Not for his good looks but for his cricket, Pakistan batsman Bismah Maroof is a fan of Virat Kohli and wants to model her game on India's Test captain.
The 24-year-old Maroof played a key role in her team's victory over Bangladesh in the recent T20I and ODI series, which marked a successful return of women's international cricket to Pakistan after almost a decade.
In an interview to Dawn.com, Maroof said watching Kohli, Suresh Raina and Australia captain Michael Clarke bat helps her get better in shot selection and the art of building an innings.
"My batting style is natural but I'm mostly inspired by right-handed players. I am a huge fan of Michael Clarke and watching and learning from players like Suresh Raina and Virat Kohli helps me improve my shot selection and construct my innings," she said.
Left-handed Maroof scored 109 and 133 runs in the T20Is and ODIs, respectively, against Bangladesh in Karachi, which won her three back-to-back Man-of-the-Match awards. She also rolls her arm over as a legspinner, which increases her value to the team as an allrounder.
Member of the 2010 Asian Games gold-medal winning team, Maroof said playing at home brought the team a lot of joy.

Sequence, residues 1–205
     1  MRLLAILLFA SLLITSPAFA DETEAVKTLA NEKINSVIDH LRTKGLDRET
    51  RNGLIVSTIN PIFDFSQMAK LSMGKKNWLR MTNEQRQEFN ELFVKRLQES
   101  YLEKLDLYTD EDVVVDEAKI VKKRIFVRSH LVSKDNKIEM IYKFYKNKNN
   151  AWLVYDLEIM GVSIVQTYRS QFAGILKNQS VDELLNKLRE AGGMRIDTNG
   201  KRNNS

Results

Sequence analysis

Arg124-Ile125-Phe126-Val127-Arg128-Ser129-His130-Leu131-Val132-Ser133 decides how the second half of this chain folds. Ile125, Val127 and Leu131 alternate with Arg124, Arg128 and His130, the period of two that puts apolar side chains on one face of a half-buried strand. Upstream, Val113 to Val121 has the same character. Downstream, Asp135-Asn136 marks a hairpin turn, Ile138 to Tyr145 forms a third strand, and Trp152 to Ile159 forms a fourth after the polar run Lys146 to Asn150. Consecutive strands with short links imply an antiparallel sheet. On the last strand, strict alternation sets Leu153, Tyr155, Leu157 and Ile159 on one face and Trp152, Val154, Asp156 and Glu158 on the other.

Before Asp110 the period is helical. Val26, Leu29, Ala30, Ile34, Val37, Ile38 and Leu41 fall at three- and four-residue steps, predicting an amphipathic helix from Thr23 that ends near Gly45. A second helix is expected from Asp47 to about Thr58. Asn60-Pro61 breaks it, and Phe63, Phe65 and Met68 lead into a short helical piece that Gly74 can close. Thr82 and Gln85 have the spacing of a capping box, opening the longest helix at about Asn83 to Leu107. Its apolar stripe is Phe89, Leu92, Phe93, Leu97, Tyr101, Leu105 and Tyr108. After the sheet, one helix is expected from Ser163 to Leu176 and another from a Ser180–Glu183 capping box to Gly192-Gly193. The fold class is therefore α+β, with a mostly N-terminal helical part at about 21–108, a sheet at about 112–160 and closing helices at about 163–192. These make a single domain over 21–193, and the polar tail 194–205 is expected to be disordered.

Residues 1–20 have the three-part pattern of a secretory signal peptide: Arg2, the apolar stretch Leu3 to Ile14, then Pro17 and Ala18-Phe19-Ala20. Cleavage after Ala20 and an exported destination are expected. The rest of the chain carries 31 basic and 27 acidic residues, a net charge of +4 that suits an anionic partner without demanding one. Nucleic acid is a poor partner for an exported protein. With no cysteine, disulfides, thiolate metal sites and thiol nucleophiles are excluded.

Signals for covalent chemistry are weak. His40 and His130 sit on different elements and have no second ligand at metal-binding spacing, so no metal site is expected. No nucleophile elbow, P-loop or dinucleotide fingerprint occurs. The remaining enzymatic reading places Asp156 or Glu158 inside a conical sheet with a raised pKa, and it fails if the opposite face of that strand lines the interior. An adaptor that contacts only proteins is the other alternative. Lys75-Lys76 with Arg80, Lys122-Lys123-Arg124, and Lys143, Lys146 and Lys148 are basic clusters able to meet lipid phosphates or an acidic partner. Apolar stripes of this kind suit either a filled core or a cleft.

"It was indeed a great experience to play at home. We were successful at the Asian games too but we felt sad about not being able to show our abilities to our fans at home. It was heartening to see young students in the Southend Club stands but it would have been better if more families came to watch us," she said.
She reckoned the Asian Games success was the turning point for Pakistan's women cricket.
"There has been a notable difference since my debut in 2006 till now. I think that the gold medal we won in the 2010 Asian Games was the turning point for us and it made people believe in the potential of women's cricket in the country. This success made people recognise us and more girls came started dreaming of playing cricket for their country confident about their future," Maroof told Dawn.
However, Maroof feels the Pakistan Cricket Board (PCB) needs to do a lot more about women's cricket in the country.
"We think that that there should be a separate national academy for female cricketers and more grounds should be built around the country, particularly for women, which would help the cricketing culture grow amongst women. As of now we do feel left behind.
"To encourage women to engage in cricketing activity and keeping them motivated, it's necessary for the authorities to make the profession more lucrative. Women deserve increment in pay with time as much as male cricketers," she told.
But undaunted, Maroof says she accepts every challenge that comes way, and her next assignment will arrive when the team tours West Indies.
"We will go to West Indies with full preparations as we just got to play competitive cricket against Bangladesh and attended a training camp before that. As far as my personal performances are concerned, I believe in accepting challenges and I will try to carry on my form in West Indies too," she said.